According to the US  State Department, “all property and interests in property of the designated persons that are in the United States or possession or control of U.S. persons are blocked and must be reported to the Department of Treasury’s Office of Foreign Assets Control (OFAC).  Additionally, all individuals or entities that have ownership, either directly or indirectly, are blocked 50 percent or more by one or more blocked persons.  All transactions by U.S. persons or within (or transiting) the United States that involve any property or interests in property of designated or otherwise blocked persons are prohibited unless authorized by a general or specific license issued by OFAC or exempt.  These prohibitions include making any contribution or provision of funds, goods, or services by, to, or for the benefit of any blocked person and receiving any contribution or provision of funds, goods, or services from any such person.”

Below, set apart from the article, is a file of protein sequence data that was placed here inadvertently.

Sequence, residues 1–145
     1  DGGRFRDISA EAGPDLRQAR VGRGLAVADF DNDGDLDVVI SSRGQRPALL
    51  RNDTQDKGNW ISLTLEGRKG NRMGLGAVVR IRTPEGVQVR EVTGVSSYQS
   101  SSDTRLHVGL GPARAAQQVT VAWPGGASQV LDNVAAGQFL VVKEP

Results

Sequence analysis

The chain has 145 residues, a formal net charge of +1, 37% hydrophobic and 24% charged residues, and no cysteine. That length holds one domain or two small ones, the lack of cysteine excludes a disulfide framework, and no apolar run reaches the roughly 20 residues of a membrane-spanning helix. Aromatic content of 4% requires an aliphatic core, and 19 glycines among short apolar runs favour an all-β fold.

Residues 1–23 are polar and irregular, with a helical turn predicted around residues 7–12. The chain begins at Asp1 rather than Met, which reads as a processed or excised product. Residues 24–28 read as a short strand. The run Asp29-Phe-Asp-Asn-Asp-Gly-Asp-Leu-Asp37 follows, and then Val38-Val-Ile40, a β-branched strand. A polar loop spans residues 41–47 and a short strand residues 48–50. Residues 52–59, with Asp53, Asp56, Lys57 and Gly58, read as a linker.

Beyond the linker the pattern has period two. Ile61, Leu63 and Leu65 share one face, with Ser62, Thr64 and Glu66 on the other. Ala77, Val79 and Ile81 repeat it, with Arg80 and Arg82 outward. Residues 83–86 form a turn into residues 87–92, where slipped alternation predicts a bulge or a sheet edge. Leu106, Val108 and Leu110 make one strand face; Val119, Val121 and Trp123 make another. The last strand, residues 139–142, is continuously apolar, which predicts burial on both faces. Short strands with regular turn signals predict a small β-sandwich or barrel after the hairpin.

The National Bank of Georgia announced that it will apply the sanctions and said Partskhaladzes assets in Georgia are frozen and transactions limited. GD Chair Irakli Kobakhidze said such decisions were “against the Constitution” as it encroached on the presumption of Partskhaladze’s innocence.

Who is Otar Partskhaladze?

The “family”

Otar Partskhaladze is a member of Bidzina Ivanishvili’s inner circle. As the oligarch himself confirmed, Bera Ivanishvili (Bidzina Ivanishvili’s rapper son) is a godfather to Partskhaladze’s grandchild. It is also known that Partskhaladze is close friends with Ucha Mamacasvhili, Ivanishvili’s nephew, who is rumored to have significant influence on business. Even so, Ivanishvili publicly repeated several times that “Partskhaladze is not my friend,” but that of his family.